One of the truest truisms of all is that high school sucks for a lot of people. At worst, it can be a stultifying, judgmental, depressing environment (with obvious exceptions — however, I think we can all agree that the narrative of the "downtrodden nerd who prevails at long last" is as ubiquitous as unappealing pretzel restaurants in a suburban mall). Fortunately, brilliant, inquisitive, and interesting lil' minds tend to find a way towards self expression. This is exactly what's happened in Winnipeg, Canada, where a group of teenage girls has created a set of superhero trading cards for a squad of badass heroines called the Craftastics. The Craftastics are, of course, based on themselves, and they fight the everyday evils that plague teenage girls.
Like all superheroes, the Craftastics have a humble origin story: they were in the midst of standing up to patriarchy — as one is wont to do — when a truck filled with toxic waste spilled its cargo on them. Just kidding, they met in the multi-purpose room at Valley Gardens School in Winnipeg because they were all in an after school program (but my idea was pretty chill).
The after school program is called the Valley Garden Grrlz Club. Its aim is to serve as a safe and empowering place for teenage girls to make crafts, play games, and have group discussions about typical teen girl problems: self-esteem and body image issues, how to have healthy relationships, etc. Once a month, they volunteer in the community. In short, the Valley Garden Grrlz are amazing teen girls who definitely never put each other's bras in the freezers at sleepovers.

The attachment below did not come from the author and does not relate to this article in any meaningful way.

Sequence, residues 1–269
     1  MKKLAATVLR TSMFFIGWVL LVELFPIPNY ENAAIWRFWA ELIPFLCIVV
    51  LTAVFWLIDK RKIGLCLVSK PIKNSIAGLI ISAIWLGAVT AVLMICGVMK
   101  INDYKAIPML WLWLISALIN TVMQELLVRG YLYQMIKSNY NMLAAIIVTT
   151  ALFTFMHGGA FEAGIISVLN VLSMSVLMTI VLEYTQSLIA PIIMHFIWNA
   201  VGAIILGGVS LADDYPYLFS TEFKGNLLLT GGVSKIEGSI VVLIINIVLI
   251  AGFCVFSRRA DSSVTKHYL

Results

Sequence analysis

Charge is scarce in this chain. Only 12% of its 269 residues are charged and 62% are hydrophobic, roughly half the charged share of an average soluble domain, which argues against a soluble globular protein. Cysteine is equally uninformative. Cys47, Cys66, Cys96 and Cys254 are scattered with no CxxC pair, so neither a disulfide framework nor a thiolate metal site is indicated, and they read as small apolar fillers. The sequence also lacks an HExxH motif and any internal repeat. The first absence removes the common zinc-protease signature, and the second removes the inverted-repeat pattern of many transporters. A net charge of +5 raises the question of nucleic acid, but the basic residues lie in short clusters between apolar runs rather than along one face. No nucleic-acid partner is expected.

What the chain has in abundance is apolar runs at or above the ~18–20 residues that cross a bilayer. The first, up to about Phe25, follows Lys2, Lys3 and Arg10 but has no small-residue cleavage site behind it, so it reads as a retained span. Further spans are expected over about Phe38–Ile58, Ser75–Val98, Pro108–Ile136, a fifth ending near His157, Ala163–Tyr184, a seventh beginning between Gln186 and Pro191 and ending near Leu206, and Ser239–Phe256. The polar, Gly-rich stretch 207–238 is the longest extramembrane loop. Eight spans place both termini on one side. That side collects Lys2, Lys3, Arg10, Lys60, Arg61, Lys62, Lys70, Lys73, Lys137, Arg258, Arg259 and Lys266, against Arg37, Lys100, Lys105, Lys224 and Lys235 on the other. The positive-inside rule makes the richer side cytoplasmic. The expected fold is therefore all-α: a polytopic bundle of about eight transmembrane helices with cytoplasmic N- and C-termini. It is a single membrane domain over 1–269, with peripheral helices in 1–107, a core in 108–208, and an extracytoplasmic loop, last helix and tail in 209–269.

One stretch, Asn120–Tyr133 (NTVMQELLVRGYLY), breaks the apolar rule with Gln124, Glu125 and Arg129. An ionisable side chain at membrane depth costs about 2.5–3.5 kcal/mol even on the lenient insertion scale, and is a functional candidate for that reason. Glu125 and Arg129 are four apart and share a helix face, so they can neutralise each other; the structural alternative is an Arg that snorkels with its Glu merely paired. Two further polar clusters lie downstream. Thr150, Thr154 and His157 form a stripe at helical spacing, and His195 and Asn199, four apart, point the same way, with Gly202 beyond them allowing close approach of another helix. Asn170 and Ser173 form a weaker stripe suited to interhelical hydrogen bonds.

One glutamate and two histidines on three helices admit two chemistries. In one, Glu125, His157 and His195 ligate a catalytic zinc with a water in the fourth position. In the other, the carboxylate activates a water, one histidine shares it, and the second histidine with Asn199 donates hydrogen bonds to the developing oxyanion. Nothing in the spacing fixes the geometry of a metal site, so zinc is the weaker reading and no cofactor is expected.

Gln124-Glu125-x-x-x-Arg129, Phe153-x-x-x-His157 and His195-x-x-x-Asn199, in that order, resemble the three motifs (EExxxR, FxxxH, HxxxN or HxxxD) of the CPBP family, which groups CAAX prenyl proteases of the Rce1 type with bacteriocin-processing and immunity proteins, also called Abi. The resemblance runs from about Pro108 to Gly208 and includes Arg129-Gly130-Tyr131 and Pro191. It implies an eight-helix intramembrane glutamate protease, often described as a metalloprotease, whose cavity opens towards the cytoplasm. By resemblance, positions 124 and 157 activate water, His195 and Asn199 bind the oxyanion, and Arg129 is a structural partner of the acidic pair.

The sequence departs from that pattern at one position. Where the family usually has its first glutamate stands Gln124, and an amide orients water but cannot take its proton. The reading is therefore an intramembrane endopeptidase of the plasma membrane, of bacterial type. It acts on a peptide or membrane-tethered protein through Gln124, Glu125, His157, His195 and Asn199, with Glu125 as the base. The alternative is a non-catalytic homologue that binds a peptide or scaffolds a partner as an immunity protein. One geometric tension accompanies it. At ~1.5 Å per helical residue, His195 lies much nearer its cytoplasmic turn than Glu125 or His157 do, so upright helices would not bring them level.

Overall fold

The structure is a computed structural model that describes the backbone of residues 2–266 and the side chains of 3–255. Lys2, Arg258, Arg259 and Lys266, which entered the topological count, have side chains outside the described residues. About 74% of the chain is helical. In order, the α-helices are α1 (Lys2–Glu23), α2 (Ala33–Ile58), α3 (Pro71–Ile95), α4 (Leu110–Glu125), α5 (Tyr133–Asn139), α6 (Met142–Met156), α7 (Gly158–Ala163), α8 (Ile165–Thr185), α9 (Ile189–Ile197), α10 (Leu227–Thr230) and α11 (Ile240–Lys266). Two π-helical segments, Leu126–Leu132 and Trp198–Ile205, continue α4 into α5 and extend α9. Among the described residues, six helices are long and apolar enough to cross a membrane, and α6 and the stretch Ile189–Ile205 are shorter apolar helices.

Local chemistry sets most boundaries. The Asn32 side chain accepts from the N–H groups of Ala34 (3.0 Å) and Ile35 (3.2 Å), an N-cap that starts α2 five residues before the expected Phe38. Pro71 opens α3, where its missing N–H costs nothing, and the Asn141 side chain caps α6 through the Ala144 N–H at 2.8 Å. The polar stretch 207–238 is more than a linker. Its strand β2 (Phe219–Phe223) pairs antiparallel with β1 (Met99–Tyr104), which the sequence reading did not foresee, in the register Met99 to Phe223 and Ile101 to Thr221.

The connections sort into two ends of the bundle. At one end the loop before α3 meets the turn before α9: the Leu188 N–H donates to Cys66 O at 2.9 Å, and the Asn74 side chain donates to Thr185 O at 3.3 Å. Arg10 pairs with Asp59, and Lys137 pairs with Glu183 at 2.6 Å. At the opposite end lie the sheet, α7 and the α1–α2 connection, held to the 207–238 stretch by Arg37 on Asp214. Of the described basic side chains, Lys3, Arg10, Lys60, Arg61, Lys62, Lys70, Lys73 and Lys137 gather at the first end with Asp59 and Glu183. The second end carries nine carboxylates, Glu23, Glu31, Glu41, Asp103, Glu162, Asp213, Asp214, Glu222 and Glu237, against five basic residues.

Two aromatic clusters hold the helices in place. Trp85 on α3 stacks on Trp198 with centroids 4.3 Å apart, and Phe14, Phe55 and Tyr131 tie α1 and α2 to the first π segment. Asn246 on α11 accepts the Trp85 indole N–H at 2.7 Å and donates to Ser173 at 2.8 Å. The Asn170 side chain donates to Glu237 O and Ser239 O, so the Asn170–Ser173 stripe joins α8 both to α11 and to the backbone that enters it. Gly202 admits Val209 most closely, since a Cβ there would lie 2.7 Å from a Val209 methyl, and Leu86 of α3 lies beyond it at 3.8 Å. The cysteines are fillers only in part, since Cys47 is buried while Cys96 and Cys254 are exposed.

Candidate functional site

In collaboration with a local artist, Jennie O, the grrlz decided to create a public art project. According to Winnipeg Arts,
During their weekly meetings, the group decided that the artwork should address the issues they've encountered as teens, like gender discrimination, stereotyping, body-issues, depression, anxiety, gossip, peer pressure and bullying. Together they decided to create a team of superheroes to combat some of the challenges teens face.
The Craftastics consist of The Bookmark, who works to "end discrimination against nerds," Masked Peacock, who has the power to "spread her multi-coloured feathers to turn racists into people who see the beauty in diversity," and Click, who combats gossip. Click's powers include the ability to "make 'uncool' teens cool without changing anything about them," which is the most sweetly profound thing I've heard in weeks. Their hope is that other schools and libraries will download the trading cards and be inspired create injustice-fighting leagues on their own. They've also succeeded in creating female superheroes whose outfits aren't hypersexualized along the way.
Side note: one time at college I was on a panel about sexuality and someone asked what everyone's sexual superhero would be, and I cracked under pressure and said "Judith Butt-ler." Therefore, I have a lot of respect for these young women — both as a feminist and someone with a truly ghastly fake superhero name of her own.